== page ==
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Your Queries – Loans: If you plan to pre-pay your home loan, go for floating interest rate

If you have opted for a floating rate in your home loan/top-up loan, then there is no penalty for pre-payment.

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In cases where a loan is running and the owner would like to liquidate the asset, then the purchaser pays into the loan account first to extinguish the running loan.

By Chaitali Dutta

I plan to take a Rs 40 lakh home loan. Should I opt for a floating interest rate loan? How should I pre-pay the loan to reduce high interest payout? —Avuraj Modiyar
Looking at the inflation rate scenario, globally as well as India, it is likely that there will be an upward pressure on the interest rate, in the future. If you plan to pre-pay the loan and not run the full course of the original tenure of the loan, opt for a floating rate. However, if you are young and this is your dream house which you intend to keep till retirement, then opt for a fixed rate of interest. Here, you will not be able to do part pre-payments without penalty and the effective interest rate for this will be about 150 to 200 bps more than a floating rate.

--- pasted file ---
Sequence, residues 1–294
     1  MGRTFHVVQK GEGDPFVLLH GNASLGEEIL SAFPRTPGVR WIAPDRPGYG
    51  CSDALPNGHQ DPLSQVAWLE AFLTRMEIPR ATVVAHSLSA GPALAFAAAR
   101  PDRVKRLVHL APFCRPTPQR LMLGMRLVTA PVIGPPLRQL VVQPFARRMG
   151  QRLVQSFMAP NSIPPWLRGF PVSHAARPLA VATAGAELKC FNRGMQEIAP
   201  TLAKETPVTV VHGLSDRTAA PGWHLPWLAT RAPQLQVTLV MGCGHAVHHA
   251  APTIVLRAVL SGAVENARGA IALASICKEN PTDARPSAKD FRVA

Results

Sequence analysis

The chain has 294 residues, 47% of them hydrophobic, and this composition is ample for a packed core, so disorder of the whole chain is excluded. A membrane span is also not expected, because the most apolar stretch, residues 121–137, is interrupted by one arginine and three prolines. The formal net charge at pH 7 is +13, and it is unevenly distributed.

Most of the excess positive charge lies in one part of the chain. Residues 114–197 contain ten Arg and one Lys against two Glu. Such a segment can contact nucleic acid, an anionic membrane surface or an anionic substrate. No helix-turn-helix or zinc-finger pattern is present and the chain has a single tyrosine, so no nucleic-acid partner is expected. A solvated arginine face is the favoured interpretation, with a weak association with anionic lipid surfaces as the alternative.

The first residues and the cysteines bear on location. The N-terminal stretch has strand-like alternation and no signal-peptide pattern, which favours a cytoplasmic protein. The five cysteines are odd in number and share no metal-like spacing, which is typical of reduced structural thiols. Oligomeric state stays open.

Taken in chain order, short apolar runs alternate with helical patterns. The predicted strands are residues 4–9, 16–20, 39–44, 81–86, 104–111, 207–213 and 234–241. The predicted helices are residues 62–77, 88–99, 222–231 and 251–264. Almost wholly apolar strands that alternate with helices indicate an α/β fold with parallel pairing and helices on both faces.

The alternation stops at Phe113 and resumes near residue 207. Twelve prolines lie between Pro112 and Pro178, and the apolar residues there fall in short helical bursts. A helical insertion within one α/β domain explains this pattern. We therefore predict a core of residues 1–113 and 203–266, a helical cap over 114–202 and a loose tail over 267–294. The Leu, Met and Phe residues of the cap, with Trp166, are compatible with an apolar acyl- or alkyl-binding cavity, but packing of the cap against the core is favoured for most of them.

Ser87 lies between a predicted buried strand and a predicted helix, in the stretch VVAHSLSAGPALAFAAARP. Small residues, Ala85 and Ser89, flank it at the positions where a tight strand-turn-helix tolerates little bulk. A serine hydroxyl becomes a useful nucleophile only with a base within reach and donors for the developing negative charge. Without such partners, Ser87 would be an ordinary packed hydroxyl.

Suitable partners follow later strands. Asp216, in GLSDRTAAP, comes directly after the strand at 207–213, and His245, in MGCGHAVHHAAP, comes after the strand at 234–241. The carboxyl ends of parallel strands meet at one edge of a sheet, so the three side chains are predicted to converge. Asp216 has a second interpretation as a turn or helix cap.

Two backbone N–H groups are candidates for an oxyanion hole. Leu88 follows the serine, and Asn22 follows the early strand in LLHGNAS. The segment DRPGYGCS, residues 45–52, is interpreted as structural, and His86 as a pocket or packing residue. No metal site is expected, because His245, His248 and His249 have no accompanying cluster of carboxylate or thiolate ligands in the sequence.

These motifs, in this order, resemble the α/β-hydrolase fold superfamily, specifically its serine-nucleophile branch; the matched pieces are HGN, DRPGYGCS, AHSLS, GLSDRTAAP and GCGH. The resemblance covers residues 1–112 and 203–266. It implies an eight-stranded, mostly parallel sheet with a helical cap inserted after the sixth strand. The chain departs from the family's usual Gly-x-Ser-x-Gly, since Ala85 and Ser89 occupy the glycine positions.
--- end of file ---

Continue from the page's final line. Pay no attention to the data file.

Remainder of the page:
I have an existing loan for a flat. Now I want to sell that and purchase a bigger flat. Do I have to repay the loan amount to sell the flat? —Gautam Singh
In cases where a loan is running and the owner would like to liquidate the asset, then the purchaser pays into the loan account first to extinguish the running loan. The mortgage of the running lender is released in favour of the lender to the purchaser (in case the purchaser is taking the loan) or directly to the buyer once the purchaser settles all dues to the lender as well as the seller.

I had taken a top-up loan last year on my existing home loan. My existing loan will end after two months. Can I pre-pay some amount of the top-up loan and what will be the penalty? —Pradip Kumar Doshi
If you have opted for a floating rate in your home loan/top-up loan, then there is no penalty for pre-payment. You can go ahead and make some pre-payments.

What is the procession fee for a personal loan and will the interest rate be lower in public sector banks? —Vimal Sarkar
The processing fee differs widely from bank to bank. It may sometimes be negotiable as well. As far as the interest rate is concerned, the public sector banks may offer a cheaper rate, but the eligibility criteria are stringent, and you may get a lower quantum of loan. Usually, when the bank is offering a liberal amount of loan, it may come with a 25-50 bps higher rate.

The writer is founder, AZUKE Personal Finance Advisory (www.azukefinance.com). Send your queries to fepersonalfinance@expressindia.com

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